However, in our case study, Alföld's Neolithic populations were characterised by the occurrences of some rare East Asian haplogroups. They were detected both in the KSC (N9a, C5, D1/G1a) and the archaeologically consecutive ALP (N9a, M/R24). This timely occurrence of N9a is to be subjected to further examination for finding a possible genetic connection for the subsequent cultures of Central Europe, and their comparison with a more extended Neolithic case study would be of a great importance.
N9a is a rare haplogroup in the one-time and contemporary populations of Europe as well. Neither N9a, nor any of the other East Asian haplogroups have been found in any ALP sites6, 24 with more western location. In a very important study from a German site (Derenburg), as an example, Neolithic samples proved to have N1a and other haplogroups with near-Eastern genetic roots, and no N9a was detected there.24 However, the different mitochondrial control polymorphisms of the N9a have been examined by other groups in recent populations from different geographic regions world-wide, and several distinct patterns were found. Interestingly, control region polymorphism C16261T was detected in mtDNA of ancient bone samples of Pacific Islanders,38 in recent samples of Basques,39 Greenland Eskimos,40 Australian aboriginal populations,41 as well as in Indians42 and Malaysians.43 Control region polymorphism C16257A was distinctly detected in Japanese44 and Chinese people.45 C16223T polymorphism was found in Africa, where it was widespread. In the literature, a distribution of 7% in Europe and 65% in Mongolia and 91% in Africa was described for this polymorphism.2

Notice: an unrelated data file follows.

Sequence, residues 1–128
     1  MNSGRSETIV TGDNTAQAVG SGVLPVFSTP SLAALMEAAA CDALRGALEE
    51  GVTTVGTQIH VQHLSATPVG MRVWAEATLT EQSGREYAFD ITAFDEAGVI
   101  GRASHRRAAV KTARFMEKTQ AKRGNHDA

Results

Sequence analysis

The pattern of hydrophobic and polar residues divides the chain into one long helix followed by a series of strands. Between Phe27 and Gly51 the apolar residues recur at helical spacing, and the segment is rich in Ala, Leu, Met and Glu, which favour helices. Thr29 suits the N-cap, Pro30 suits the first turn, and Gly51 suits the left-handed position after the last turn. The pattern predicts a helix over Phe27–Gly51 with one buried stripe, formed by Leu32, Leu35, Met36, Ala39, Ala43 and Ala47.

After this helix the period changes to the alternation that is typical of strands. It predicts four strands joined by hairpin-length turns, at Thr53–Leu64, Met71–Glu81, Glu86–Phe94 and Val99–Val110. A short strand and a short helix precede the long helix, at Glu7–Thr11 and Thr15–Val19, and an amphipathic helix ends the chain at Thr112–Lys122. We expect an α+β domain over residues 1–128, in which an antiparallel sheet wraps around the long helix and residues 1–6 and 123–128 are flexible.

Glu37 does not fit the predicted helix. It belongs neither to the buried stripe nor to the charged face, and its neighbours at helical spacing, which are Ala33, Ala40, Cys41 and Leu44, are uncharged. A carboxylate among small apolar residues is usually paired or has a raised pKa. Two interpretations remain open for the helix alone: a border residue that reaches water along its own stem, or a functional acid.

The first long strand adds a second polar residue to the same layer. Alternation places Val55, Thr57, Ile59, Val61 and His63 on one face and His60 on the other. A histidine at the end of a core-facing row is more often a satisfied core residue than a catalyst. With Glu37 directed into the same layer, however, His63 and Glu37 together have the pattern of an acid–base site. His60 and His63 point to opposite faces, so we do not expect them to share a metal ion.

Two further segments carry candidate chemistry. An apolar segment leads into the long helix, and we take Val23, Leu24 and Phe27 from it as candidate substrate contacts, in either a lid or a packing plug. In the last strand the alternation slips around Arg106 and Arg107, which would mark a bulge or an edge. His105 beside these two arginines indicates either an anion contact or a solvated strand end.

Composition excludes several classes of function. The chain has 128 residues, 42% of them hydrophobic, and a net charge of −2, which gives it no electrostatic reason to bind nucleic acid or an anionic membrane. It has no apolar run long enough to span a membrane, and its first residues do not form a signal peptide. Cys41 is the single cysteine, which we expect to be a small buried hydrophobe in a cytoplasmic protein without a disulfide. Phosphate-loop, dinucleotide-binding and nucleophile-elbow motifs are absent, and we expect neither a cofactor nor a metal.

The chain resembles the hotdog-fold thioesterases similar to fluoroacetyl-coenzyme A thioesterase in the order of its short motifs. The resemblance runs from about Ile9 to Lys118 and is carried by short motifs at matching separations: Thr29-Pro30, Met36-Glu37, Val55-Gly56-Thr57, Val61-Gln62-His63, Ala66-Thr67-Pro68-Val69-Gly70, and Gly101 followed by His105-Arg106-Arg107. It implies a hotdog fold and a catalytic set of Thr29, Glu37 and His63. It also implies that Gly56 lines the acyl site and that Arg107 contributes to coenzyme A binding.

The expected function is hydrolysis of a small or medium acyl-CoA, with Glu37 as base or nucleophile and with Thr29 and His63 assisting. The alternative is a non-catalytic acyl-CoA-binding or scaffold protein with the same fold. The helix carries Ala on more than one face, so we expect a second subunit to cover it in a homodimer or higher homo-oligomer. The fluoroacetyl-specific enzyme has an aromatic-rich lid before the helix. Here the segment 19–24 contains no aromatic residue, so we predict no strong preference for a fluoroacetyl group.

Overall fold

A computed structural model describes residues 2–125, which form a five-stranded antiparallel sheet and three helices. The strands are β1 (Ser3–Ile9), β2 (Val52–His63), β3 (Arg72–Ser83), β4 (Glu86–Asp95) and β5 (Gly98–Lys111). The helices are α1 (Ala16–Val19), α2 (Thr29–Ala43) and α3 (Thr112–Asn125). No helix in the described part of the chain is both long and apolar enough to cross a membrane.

Presence of the N9a haplogroup has also been shown by an extended study of the Siberian Kurgan people,46 with only one specimen of N9a assignement out of 26-examined remains dated between 3800–1600 BP. Upon evidences from mtDNA, Y-chromosome and pigment gene polymorphisms, these samples of South-Siberian people were supposed to have European genetic relations. The connection between East Asian haplogroups and the Neolithic population could be further revealed by aDNA analysis of more near-Eastern/Anatolian Neolithic human remains.
Stepping beyond Genography, control mutations assigned to N9a have also been checked in connection with diseases such as mitochondrial encephalomyopathies47 and Parkinson's disease. In connection with the latter, the C16257A and C16261T were mentioned.48 Interestingly, C16257A was also examined in mitochondrial myopathy and encephalopathy.49 If a connection to any of these diseases can be verified for N9a polymorphisms, assessing their contribution, very interesting research on their putative human diseases are to be carried out.